As the confetti fell in Allegiant Stadium and the purple Gatorade poured on the back of Andy Reid, one thing became very clear: Andy Reid had officially elevated himself to elite status. Prior to the win, many considered Reid a top coach, and there were a lot of “what if” questions about his legacy.
But the win put all of those “what if” questions to bed. Andy Reid is the second-best coach to ever coach in the NFL, and there is plenty of data to back that up. Here are three reasons, there there is no reason even to debate the subject.
Six is Still an Eternity From Three
Let’s knock this one out of the way first. Bill Belichick is still the greatest coach of all time. Yes, that can be sort of ironic to say, as Andy Reid is holding up the Lombardi Trophy at the same time that Belichick is interviewing and being turned down for coaching jobs, but six is so much more than three.
Again, at the moment, it is easy to look at the two coaches on today, February 12th, and say Reid is on top of the world while Belichick is unemployed, but Belichick has been on top six times, all in the modern era (32 teams).
Until Reid hits five Super Bowl wins, I’m not sure there can really be a debate. The only exceptions, perhaps, would be for Reid to win his fourth next year and retire, or if he left the Chiefs and won two more times with a new quarterback. However, even then, Belichick and Reid have been head coaches for essentially the same amount of time, so how can you not give it to the coach who has more wins in that time span?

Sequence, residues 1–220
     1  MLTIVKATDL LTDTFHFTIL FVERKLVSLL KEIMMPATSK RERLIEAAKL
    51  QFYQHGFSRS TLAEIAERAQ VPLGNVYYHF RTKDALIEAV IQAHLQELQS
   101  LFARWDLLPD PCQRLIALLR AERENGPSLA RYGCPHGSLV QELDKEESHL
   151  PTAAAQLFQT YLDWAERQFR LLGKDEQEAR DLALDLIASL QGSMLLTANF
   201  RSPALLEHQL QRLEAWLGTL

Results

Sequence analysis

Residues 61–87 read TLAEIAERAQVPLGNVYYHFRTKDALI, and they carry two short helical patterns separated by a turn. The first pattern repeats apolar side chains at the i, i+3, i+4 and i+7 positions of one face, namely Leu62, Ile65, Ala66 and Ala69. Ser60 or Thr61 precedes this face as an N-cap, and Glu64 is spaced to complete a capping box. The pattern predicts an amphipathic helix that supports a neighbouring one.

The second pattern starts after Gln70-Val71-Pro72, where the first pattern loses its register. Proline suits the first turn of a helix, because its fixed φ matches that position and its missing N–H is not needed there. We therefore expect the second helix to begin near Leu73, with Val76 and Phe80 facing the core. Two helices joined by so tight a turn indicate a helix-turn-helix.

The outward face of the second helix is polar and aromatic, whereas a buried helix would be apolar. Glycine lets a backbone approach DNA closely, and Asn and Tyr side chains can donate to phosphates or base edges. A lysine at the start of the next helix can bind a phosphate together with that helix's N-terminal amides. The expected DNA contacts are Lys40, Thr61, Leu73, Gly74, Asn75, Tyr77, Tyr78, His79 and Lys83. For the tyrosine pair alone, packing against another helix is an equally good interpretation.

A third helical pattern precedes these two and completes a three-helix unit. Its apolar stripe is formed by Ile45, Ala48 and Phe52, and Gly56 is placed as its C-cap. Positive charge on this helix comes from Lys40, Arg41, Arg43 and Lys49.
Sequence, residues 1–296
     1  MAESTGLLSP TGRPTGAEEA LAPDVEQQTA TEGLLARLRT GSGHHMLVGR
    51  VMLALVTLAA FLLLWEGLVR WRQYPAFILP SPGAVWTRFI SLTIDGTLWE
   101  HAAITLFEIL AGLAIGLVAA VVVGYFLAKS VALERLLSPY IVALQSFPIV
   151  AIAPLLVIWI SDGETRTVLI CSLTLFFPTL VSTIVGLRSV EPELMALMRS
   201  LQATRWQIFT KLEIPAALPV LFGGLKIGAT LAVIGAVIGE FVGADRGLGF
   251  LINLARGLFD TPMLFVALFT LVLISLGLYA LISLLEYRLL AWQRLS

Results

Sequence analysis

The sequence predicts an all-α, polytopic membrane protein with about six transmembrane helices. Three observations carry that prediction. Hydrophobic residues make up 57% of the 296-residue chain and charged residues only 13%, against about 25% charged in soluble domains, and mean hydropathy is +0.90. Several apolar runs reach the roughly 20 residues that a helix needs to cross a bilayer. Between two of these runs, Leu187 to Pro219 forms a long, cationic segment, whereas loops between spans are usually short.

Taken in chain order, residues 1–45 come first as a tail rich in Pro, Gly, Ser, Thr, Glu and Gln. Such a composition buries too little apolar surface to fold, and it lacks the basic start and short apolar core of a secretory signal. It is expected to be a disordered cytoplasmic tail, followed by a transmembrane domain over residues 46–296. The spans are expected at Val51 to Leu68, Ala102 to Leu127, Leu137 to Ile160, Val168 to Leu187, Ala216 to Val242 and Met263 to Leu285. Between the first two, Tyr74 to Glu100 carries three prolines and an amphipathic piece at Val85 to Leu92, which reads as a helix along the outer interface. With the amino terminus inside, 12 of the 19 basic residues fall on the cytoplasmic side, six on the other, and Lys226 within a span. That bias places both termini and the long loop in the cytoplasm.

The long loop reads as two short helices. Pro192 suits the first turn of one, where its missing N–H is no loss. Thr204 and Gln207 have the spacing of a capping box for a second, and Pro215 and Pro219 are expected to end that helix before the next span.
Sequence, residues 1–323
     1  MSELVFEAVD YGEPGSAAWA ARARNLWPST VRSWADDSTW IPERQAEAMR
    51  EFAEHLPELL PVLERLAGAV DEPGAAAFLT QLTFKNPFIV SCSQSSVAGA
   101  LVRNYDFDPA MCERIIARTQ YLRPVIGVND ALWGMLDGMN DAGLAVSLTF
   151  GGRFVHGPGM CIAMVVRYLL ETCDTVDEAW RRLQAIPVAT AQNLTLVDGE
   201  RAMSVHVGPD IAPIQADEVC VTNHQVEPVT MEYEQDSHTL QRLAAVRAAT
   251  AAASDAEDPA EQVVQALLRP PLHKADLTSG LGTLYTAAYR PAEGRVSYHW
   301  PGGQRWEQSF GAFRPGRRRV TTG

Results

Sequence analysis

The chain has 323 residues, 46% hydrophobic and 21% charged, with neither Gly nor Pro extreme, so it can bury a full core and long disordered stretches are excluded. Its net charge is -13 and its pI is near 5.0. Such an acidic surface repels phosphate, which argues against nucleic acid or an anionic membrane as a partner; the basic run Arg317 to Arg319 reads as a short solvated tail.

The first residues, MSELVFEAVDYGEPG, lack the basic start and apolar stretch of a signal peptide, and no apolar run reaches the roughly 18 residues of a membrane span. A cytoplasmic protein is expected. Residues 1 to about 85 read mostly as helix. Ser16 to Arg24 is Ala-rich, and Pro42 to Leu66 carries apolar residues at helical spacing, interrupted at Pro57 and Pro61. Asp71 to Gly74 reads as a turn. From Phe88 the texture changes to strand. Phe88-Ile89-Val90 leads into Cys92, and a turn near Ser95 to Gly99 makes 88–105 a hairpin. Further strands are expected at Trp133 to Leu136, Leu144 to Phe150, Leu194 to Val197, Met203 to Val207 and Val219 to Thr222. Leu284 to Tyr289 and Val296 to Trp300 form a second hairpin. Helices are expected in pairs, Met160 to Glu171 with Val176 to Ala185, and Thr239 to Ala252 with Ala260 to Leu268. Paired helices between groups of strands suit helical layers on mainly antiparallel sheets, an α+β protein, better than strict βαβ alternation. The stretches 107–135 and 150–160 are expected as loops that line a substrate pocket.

Andy Reid is the Only Modern Era Coach in His Tier
There are three other coaches besides Reid that have either three or four NFL Championships. The difference is that all three of them coached in a different era when there weren’t as many teams or restrictions on salary caps or trades. In other words, some coaches were able to load up on talent and not really have to worry about breaking any salary caps.
Below are the other coaches, as well as how many teams were in the league when they won.
- Chuck Noll – 4 Wins – 26-28 teams
If there is any coach who could be possibly compared to Andy Reid it is Chuck Noll. Noll won four Championships all in the 1970s, but there were fewer teams, and there wasn’t as much restriction on salary caps.
- Bill Walsh – 3 Wins
- Joe Gibbs – 3 Wins
Although both of these coaches have the same amount of wins as Andy Reid, they did so with much more opportunity and freedom. Both of these coaches led their teams with fewer restrictions/rules, and they did it without all 32 NFL teams.
What’s Next For Any Reid?
Could Andy Reid catch Bill Belichick? Maybe, but I’m not sure that is necessarily the goal. Andy Reid will be 66 by the time the 2024 NFL season begins. While he has indicated that he still plans on coaching, one has to wonder how much longer he wants to do so.
Even if he were to win three out of the next six years (which would be phenomenal), that would put him at 72 years old when he ties Bill Belichick. Some people live for that, and maybe Andy Reid does, but it’s hard to see him coaching too much longer unless, of course, the Chiefs can three-peat next year. In that case, I could see Reid really looking at things and trying to catch Belichick.
Regardless of what Reid ultimately decides to do, he has already cemented his name into being the second-best coach of all time. People will be talking about he Chiefs dynasty for years to come, and that is something that Andy Reid can hold onto forever.
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